Iowa Turfgrass Conference and Tradeshow a Success

Hundreds of lawncare professionals, sports field and golf course managers filled the Meadows Conference Center this week for the 2020 Iowa Turfgrass Conference and Tradeshow, Iowa’s premier event for the turfgrass industry, presented by the Iowa Turfgrass Institute.

Attendees of the conference milling around turfgrass equipment.
The Iowa Turfgrass Conference and Tradeshow was a great opportunity for industry professionals to network and share problems and solutions.

Adam Thoms, assistant professor in the Department of Horticulture with Iowa State University, said the Turfgrass Conference is a great place for attendees to educate themselves on turf management and the turfgrass industry.

First, a large part of the conference is networking with other attendees, which allows everyone to learn how others in the industry addressed problems and issues that arose this year. Second, industry members learn from the diverse formal educational sessions that are offered. These educational sessions were broken down into three categories: golf courses, sports turf and lawn  care. Each session gave information on a range of topics, from tank mixing, blade sharpening to human resources education.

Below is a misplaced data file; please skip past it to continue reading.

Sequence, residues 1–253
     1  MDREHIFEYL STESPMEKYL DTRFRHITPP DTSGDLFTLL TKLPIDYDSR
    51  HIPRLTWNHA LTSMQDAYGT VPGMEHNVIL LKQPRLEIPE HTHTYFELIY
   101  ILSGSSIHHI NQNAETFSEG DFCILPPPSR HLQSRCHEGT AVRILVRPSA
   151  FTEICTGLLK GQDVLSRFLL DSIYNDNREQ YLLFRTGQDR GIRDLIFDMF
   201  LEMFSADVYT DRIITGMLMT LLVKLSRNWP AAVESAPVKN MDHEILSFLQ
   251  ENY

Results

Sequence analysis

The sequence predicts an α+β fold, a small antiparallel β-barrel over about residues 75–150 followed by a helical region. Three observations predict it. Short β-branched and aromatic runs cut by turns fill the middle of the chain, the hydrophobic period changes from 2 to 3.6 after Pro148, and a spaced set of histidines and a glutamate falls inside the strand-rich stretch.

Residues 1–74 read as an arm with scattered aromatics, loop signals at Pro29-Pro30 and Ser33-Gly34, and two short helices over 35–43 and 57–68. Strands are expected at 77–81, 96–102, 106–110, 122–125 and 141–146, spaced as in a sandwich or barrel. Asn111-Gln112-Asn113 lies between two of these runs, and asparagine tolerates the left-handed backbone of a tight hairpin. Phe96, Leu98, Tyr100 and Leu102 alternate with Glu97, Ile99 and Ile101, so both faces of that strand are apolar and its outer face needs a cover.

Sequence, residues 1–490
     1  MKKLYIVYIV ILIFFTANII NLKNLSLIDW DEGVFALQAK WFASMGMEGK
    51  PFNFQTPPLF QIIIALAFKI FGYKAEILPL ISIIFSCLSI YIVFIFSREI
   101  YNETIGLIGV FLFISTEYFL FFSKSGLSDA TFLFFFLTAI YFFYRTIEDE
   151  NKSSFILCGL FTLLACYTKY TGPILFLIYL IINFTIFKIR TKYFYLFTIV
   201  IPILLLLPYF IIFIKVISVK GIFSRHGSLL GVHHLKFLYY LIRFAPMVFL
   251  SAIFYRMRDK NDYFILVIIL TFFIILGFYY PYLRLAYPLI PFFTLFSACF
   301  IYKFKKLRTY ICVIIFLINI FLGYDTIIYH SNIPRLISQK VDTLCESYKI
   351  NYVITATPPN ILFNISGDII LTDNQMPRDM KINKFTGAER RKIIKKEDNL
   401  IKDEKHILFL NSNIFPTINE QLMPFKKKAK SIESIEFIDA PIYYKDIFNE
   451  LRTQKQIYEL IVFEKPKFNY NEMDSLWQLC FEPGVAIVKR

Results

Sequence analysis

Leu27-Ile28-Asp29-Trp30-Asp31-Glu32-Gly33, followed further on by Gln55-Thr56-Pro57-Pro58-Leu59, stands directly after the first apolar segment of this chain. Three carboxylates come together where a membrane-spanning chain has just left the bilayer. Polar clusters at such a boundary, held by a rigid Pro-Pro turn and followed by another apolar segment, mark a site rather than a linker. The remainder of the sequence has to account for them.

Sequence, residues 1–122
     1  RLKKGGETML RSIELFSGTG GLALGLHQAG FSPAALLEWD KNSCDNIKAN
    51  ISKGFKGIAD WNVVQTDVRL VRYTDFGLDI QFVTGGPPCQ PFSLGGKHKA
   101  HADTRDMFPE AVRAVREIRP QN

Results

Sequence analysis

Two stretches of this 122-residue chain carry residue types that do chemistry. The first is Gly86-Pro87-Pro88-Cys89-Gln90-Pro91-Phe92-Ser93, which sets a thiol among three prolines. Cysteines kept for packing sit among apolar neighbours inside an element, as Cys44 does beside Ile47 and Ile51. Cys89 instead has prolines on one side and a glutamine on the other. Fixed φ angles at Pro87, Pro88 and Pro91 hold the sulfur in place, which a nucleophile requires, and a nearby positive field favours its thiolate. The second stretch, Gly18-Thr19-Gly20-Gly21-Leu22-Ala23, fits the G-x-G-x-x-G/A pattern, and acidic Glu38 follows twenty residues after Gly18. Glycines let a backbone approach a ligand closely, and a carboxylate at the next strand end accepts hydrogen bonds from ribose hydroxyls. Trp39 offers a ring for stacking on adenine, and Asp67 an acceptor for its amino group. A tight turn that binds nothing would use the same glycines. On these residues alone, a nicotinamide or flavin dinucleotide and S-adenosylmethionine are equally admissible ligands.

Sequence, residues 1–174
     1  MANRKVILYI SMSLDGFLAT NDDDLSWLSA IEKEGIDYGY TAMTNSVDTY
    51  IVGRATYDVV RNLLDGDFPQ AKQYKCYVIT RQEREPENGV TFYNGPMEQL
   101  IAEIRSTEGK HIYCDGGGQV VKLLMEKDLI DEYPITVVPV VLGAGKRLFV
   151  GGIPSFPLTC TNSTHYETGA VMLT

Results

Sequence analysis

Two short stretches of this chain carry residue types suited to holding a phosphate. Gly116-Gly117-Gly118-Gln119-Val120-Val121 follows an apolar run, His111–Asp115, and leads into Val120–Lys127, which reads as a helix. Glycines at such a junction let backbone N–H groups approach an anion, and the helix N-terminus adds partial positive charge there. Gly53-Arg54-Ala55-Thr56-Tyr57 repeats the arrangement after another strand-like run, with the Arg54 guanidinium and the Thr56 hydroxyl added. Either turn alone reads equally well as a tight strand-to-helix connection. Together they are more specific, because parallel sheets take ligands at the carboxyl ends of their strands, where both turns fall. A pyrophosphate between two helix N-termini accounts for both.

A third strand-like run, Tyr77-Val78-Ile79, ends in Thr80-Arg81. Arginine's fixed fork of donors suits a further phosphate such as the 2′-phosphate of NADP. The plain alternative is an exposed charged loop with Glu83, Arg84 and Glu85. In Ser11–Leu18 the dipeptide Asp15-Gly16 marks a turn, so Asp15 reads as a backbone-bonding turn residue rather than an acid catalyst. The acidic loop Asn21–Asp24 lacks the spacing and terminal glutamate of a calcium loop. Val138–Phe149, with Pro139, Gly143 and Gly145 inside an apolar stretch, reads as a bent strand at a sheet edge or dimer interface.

Some examples include experts like Steve Cesare from The Harvest Group, a landscape business consulting firm based in Connecticut, who gave multiple presentations on the correct paperwork you need, including employee handbooks, I-9 forms and worker’s comp information, as well as best practices for human resource policies. Josiah Cherry, from KJK LawnCare Inc., located in Omaha, spoke to attendees on what kind of work they could be doing during the winter, like

An image of the tradeshow floor, with attendees chatting and turfgrass equipment on display.
The Tradeshow offered attendees an up-close look at the newest equipment the industry
has to offer.

snow plowing, Christmas light decoration and house flipping, which enables those in the industry to bring in income during the off season. Golf course specialists also educated conference goers about course construction, water movement in soil and keeping bedknives and reels sharpened. Iowa State University experts also gave presentations that covered pesticide safety, interoperating soil test results, calibrating equipment and proper identification of pests.

The third opportunity for education came from the tradeshow, where attendees could see all the newest products available.

“The tradeshow offers a chance for vendors and attendees to see the newest products and offerings to help with turfgrass management,” Thoms said. “This also gives the attendees a chance to talk about what is working well with products they bought the year before and what didn’t work well, giving vendors valuable feedback.”

For more information on turfgrass or the turfgrass industry, check out Iowa State University Extension and Outreach or IowaTurfgrass.org.

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